Mona Lisa

Denny Hatch is the author of six books on marketing and four novels, and is a direct marketing writer, designer and consultant. His latest book is “Write Everything Right!” Visit him at dennyhatch.com.

Last week I did a column on the simultaneous bankruptcies of two famous catalogs—Lillian Vernon and The Sharper Image—and received a long comment from Michael Muoio, president and CEO of Lillian Vernon. (See the image below.) His comment ran beyond 1,500 characters, and I quickly e-mailed him with effusive thanks for taking the time to write and to ask him to either cut it or finish it so I could run it as two entries with “continued” on the first one. Muoio e-mailed me back and said, “Wanna do a phone call?” I e-mailed him back and said sure, and that I would write

Ronald Lauder’s passion is art. The younger son of cosmetics mogul Estée Lauder and worth $3.3 billion, Ronald Lauder bought an elegant Fifth Avenue mansion across the street from the Metropolitan Museum of Art and turned it into the Neue Gallery dedicated to German and Austrian art. In June 2006 he privately acquired one of the most extraordinary pictures in the world—a 1907 portrait of Adele Bloch-Bauer, wife of a wealthy Viennese industrialist, painted by Austrian master Gustav Klimt. It had been looted by the Nazis during World War II and, when repatriated, wound up in a museum in Vienna. The Austrian government fought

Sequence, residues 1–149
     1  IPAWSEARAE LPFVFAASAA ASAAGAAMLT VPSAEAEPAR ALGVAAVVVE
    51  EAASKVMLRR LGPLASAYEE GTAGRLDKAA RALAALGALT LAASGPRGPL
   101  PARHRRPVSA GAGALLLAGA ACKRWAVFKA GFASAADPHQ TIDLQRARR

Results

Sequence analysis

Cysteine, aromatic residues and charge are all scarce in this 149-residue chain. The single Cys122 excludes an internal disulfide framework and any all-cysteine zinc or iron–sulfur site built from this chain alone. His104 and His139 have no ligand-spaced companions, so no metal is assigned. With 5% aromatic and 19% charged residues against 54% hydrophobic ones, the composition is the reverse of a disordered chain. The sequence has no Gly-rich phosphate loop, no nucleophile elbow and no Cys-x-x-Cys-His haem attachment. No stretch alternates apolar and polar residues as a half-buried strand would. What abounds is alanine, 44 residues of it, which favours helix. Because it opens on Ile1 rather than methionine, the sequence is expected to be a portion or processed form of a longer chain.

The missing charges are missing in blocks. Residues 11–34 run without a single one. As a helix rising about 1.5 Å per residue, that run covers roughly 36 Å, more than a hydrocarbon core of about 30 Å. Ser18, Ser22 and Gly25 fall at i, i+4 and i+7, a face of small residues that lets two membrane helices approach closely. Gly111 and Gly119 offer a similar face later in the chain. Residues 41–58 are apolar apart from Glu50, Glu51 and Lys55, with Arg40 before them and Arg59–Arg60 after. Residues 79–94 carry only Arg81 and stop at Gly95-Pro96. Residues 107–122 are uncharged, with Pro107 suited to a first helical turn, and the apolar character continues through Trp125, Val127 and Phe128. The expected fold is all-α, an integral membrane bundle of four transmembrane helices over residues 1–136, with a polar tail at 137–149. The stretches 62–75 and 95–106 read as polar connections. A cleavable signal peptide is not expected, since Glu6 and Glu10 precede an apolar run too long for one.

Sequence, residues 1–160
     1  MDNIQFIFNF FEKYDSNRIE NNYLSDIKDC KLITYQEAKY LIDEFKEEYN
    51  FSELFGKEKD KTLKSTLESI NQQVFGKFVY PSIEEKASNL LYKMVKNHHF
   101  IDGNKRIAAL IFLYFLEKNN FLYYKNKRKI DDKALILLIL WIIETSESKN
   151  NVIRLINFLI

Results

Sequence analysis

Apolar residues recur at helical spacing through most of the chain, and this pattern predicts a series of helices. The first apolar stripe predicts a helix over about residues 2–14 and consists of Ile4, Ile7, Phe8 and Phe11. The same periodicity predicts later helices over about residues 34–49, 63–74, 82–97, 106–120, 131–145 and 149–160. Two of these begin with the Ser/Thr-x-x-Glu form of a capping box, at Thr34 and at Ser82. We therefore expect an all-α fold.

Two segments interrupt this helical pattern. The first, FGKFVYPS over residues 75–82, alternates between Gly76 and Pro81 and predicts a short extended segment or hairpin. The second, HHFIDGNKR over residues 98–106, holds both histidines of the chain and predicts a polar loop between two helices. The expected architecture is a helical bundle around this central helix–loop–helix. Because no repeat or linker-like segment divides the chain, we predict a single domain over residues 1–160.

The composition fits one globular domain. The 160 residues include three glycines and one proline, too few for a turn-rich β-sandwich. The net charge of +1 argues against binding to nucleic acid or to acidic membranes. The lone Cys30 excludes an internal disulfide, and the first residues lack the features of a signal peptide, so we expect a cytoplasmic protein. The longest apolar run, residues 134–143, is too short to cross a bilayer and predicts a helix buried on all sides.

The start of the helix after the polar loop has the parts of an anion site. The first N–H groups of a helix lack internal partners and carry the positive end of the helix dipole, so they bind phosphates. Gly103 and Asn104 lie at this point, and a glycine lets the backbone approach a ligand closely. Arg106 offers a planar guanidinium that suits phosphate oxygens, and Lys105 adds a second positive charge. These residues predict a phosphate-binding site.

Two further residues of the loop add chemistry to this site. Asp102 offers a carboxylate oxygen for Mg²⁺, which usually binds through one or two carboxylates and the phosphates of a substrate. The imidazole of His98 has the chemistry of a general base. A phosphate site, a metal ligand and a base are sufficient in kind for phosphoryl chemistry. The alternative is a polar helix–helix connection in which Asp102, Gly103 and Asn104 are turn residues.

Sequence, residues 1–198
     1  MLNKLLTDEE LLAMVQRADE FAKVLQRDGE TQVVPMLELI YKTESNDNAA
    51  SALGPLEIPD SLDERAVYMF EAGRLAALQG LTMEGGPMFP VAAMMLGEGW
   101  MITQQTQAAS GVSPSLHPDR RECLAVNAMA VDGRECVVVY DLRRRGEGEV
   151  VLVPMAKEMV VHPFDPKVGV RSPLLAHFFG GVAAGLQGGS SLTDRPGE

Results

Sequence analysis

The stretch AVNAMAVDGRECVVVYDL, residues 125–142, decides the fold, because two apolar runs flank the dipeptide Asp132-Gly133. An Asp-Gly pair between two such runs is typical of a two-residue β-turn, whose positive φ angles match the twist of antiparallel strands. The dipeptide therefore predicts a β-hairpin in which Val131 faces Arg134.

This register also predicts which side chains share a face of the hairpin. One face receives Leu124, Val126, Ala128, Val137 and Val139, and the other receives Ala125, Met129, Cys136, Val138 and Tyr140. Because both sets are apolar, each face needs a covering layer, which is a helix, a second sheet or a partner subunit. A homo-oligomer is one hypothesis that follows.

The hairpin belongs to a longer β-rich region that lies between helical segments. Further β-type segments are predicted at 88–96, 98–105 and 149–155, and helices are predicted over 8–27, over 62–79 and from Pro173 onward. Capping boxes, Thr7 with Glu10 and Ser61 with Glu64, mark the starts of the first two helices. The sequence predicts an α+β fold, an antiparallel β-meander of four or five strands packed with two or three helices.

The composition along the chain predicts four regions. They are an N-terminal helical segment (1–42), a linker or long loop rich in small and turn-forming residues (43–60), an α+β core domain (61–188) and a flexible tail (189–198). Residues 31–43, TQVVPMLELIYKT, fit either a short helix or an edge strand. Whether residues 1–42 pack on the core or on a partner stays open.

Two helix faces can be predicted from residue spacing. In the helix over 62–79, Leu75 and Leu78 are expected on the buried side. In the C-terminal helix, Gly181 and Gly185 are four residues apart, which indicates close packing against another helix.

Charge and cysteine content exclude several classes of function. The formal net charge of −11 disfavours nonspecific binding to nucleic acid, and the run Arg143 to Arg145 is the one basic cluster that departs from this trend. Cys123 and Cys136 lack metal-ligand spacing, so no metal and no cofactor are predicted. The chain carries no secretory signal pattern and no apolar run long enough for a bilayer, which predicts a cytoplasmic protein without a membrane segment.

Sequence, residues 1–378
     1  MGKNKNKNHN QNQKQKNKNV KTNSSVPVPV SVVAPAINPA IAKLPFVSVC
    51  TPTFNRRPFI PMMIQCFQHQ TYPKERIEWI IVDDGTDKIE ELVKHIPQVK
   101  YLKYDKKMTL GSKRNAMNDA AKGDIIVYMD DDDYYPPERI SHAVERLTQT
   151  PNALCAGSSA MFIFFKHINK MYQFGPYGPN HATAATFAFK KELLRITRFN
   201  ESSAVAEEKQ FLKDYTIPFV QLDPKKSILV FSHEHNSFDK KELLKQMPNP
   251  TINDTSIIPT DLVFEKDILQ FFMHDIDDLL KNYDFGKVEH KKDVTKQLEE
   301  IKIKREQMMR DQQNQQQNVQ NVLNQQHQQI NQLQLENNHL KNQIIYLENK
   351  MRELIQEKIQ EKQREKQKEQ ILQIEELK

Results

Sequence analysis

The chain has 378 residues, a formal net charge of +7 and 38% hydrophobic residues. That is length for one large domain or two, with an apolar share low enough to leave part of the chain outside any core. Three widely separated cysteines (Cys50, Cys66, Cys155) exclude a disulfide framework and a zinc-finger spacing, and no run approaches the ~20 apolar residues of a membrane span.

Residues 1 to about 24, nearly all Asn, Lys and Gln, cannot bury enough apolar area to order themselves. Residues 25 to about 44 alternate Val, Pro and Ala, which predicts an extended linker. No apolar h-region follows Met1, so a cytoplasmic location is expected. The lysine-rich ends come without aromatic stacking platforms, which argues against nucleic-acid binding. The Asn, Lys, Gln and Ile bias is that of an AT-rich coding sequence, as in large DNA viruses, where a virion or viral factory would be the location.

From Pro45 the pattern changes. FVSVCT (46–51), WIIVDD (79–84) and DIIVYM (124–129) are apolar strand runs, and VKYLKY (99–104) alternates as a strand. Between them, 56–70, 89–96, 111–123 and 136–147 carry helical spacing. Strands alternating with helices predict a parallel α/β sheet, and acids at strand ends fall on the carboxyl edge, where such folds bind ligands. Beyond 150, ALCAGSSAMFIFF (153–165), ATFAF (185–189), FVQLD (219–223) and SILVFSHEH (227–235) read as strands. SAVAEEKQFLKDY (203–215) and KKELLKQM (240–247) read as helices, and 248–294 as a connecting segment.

On Monday of this week, The New York Times launched a delicious, old-fashioned hatchet job on Australian/UK/U.S. media lord Rupert Murdoch, whose bid for The Wall Street Journal is a threat to the Pinch Sulzberger’s flagging advertising. The gist of the Times’ Monday story is that Murdoch uses his newspapers and TV networks to further his own agenda. In addition, reports the Times, he has built his $68 billion empire by bribing important politicians with campaign contributions and juicy book contracts and they, in turn, pass legislation that bends the rules to his News Corporation’s advantage. Tuesday’s story in the Times was all about

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